Before Forfeiture Is Finalized, Sheriff Racks Up 54k Miles On Seized Vehicle, Sells It To Private Buyer
from the road-(drug)-warriors dept
Documents provided by Outside Legal Counsel show the department seized the Ostipow’s 1965 Chevy Nova SS on April 24, 2008, when the vehicle’s mileage was 73,865. [Sheriff William L.] Federspiel, who signed the vehicle title transfer form, sold the partially restored muscle car over a year later on June 4, 2009, for $1,500.
The vehicle’s title certificate filled out by Federspiel around the time it was sold says the mileage was 130,000 — 54,000 miles more than when the department seized the car.
The backstory to this seizure and extended joyride starts at the plaintiff's farm. In 2008, the sheriff's office obtained a warrant to search a second house on the Ostipow's property -- one in which their son lived. In the house, deputies found marijuana plants and seeds. The Ostipow's steadfastly maintain they knew nothing about their son's illegal activities. Presumably, they allowed him to live his own life in a house located some distance away from theirs. [Photo courtesy of Outside Legal Counsel]
Ostensibly there for drugs, deputies soon broadened their horizons.
Instead of only seizing the illegal plants and seeds, deputies seized essentially everything from the farmhouse, including, oddly, dozens of animal mounts being kept long-term at the farmhouse by Gerald because Royetta, his wife, simply didn't like these mounted animals in the main house.
But that is not all the deputies seized. The deputies also went out to outbuildings of the farmhouse and seized all the equipment, deer blinds, hundreds of tools, and many other items which lacked any realistic connection to the pot plants and seeds of Steven's grow. They even seized the '65 Nova and the car trailer it was on.
Not satisfied with cleaning out the farmhouse the Ostipow's son resided in (as well as every building surrounding it), the deputies returned with another warrant and cleaned out the Ostipow's house -- one located a half-mile away from the supposed grow operation. They found no illegal evidence, but that didn't stop them from taking plenty of their property, including the cash in Gerald Ostipow's wallet.
Then they just kept coming.
In the weeks that followed, deputies from the Saginaw County Sheriff's Office would arrive, off duty, in their personal vehicles and would continue to take more items long after the completion of the execution of the search warrants. No inventory tabulation exists for these items taken and there appears to be no records of these "self-help" items being officially sold.
The proceedings -- which have dragged on for eight years now -- never resulted in criminal charges against the Ostipows. After a trip up to the state Supreme Court, it was finally determined that Gerald Ostipow "should have been aware" of the grow operation taking place on his property. But it was also determined that Royetta's (Gerald's wife) interest in the belongings taken was free and clear. The Sheriff's office was ordered to return most the property it seized.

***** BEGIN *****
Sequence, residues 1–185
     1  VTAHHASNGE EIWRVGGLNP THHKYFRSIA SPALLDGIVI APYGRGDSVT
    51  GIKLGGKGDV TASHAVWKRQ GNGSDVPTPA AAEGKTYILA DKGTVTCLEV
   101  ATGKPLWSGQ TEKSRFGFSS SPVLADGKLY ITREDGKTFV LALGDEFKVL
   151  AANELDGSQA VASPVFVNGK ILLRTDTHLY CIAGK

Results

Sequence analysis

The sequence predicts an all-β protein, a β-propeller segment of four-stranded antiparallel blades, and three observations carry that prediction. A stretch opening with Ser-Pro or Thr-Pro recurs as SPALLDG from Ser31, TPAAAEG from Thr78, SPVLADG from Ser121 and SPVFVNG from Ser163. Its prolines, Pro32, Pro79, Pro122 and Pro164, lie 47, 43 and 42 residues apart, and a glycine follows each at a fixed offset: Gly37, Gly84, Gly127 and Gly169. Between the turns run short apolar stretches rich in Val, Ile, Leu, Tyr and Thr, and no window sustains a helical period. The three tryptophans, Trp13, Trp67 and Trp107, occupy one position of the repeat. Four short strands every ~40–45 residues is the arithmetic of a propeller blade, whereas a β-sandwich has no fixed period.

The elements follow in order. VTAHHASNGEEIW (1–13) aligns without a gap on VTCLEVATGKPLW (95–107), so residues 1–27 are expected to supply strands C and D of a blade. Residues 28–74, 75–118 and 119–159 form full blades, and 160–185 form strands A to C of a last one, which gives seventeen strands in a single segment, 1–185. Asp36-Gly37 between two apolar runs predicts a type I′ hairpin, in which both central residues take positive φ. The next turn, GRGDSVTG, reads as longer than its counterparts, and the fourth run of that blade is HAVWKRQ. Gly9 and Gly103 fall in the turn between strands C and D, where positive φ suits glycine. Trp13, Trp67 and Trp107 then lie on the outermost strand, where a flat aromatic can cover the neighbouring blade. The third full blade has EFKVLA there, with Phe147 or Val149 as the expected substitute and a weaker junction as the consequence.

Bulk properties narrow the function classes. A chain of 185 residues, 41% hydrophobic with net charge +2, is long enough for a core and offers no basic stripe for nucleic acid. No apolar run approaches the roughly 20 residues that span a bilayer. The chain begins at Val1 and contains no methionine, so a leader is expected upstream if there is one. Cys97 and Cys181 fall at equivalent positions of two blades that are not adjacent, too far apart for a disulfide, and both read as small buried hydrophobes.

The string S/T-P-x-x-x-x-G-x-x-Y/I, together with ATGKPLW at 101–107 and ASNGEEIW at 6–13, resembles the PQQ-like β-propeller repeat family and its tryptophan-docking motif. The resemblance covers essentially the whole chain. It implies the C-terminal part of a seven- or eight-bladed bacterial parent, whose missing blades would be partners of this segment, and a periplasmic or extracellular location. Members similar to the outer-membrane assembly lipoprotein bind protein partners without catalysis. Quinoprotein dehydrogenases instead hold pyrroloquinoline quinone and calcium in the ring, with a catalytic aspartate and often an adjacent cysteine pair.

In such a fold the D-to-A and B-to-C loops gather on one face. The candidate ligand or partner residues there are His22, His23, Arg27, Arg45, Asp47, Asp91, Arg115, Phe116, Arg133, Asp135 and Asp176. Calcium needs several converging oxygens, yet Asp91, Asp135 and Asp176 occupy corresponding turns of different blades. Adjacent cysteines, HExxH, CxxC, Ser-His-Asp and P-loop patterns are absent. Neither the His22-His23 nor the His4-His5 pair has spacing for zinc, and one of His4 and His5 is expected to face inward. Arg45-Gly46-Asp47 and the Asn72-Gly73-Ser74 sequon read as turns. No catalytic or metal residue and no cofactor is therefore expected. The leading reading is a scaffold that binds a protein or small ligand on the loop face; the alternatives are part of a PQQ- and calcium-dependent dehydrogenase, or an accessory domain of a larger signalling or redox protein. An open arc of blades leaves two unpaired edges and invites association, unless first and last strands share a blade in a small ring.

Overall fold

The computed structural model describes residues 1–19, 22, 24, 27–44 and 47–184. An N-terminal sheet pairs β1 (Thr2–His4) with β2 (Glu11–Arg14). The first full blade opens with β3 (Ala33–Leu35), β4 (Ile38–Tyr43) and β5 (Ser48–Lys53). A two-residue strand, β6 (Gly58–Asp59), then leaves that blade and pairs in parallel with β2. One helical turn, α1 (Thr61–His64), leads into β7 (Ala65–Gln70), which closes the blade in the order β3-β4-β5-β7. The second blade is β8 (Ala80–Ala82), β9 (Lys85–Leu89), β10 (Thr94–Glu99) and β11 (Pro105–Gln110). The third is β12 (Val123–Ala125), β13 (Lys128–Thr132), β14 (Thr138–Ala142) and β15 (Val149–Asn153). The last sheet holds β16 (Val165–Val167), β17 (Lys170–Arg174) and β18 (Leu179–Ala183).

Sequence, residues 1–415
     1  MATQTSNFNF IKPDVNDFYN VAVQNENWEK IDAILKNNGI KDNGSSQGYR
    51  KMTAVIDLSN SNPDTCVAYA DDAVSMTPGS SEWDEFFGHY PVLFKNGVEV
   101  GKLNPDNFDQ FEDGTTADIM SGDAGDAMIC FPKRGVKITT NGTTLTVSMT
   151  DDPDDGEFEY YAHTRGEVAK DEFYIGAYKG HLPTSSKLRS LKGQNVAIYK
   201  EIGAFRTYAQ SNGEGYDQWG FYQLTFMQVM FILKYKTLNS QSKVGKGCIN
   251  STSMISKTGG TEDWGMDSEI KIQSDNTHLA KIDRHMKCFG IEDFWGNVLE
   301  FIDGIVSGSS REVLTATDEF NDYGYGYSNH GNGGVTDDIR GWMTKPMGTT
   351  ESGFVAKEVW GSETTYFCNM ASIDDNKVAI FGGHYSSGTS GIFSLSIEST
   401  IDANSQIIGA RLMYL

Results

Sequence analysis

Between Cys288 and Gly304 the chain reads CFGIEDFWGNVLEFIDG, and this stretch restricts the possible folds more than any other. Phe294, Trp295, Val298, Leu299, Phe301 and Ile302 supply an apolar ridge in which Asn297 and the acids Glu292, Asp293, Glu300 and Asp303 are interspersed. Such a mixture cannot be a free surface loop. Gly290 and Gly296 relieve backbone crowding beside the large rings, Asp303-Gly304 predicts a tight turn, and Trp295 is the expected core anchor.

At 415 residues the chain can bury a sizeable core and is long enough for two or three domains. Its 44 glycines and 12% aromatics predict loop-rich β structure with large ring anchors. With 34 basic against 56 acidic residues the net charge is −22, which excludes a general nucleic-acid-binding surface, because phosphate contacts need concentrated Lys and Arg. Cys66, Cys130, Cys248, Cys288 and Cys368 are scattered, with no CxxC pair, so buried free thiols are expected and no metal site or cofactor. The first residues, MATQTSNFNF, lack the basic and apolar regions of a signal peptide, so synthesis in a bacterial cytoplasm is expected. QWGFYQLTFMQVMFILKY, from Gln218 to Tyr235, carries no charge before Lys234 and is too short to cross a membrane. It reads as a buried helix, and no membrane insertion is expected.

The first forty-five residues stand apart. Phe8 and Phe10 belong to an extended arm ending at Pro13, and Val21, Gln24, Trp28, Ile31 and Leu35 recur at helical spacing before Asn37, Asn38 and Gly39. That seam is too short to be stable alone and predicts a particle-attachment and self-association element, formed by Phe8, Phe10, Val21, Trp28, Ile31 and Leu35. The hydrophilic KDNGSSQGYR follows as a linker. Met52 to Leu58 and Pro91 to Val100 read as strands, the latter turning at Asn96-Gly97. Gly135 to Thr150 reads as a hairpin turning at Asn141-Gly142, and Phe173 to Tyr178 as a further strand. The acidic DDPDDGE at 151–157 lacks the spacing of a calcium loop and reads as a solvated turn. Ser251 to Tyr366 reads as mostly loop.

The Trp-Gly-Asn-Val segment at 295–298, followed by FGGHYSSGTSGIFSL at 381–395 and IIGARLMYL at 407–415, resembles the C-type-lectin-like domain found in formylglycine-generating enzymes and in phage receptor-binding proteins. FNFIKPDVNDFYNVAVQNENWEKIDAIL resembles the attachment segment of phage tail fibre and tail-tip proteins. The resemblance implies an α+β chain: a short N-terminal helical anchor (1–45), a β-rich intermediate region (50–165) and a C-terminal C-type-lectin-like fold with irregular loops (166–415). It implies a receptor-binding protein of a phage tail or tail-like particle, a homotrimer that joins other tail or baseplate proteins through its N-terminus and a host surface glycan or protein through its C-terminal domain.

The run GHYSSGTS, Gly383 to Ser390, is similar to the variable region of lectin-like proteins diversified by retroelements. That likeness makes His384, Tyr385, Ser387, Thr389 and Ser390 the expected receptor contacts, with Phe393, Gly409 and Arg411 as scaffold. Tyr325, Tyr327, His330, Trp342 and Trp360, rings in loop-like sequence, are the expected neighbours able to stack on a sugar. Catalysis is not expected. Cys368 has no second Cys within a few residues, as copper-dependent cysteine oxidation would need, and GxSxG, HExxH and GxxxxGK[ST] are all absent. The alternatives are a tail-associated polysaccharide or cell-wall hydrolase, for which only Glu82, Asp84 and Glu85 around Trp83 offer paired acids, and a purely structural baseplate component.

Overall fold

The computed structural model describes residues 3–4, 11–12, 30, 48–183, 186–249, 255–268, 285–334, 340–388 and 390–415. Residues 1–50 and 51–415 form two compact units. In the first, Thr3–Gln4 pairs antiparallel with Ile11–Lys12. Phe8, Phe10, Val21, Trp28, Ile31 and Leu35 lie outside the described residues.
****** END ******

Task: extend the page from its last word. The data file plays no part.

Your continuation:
The problem is that the Sheriff's department no longer had the property it seized, including the vehicle it racked up 54,000 miles on.
However, the injury inflicted upon the Ostipows was not complete. After the final judgment was entered, it was discovered that all of the Ostipow's property had been sold by Sheriff Federspiel (he himself having signed the vehicle title transfer document for the Nova) and members of his department before there was a final determination about forfeitability of items seized and held.
The department's actions are indicative of an agency that seldom has trouble retaining anything it designates as "guilty" property. So secure was the sheriff's office in its belief that it would ultimately prevail -- despite never bringing criminal charges against the couple whose assets it seized -- that it moved ahead with converting the property to cash without having any legal right to do so.
The Ostipows are now suing [PDF] the sheriff and his deputies in federal court for blithely blowing past even the minimal protections granted to victims of asset forfeiture. In addition to $1 million+ in damages, the Ostipows are seeking declarations that the asset forfeiture processes deployed by the sheriff's department are Constitutional violations and the compelled released of documents requested by the couple in an earlier FOIA request.
Hopefully, Sheriff Federspiel will learn from this experience. Then again, he's already converted a seized Mustang into a department/personal vehicle and has gone on record with statements that portray his anti-drug efforts as shopping trips for his department.
Federspiel hopes his department will claim more vehicles through drug forfeiture or drunk driving laws to equip his six-person cadre of captains, lieutenants and sergeants by the end of his first term. “I don’t want to buy another vehicle for my command staff,” he says.
He’s targeted a 2008 black Cadillac Escalade which, if acquired, would become the mobile, anti-drug dealing billboard for Undersheriff Robert X. Karl.
Given that this is the voice of leadership in the department, it's hardly surprising deputies feel search warrants entitle them to grab as much as they can from citizens they either can't or won't bring charges against.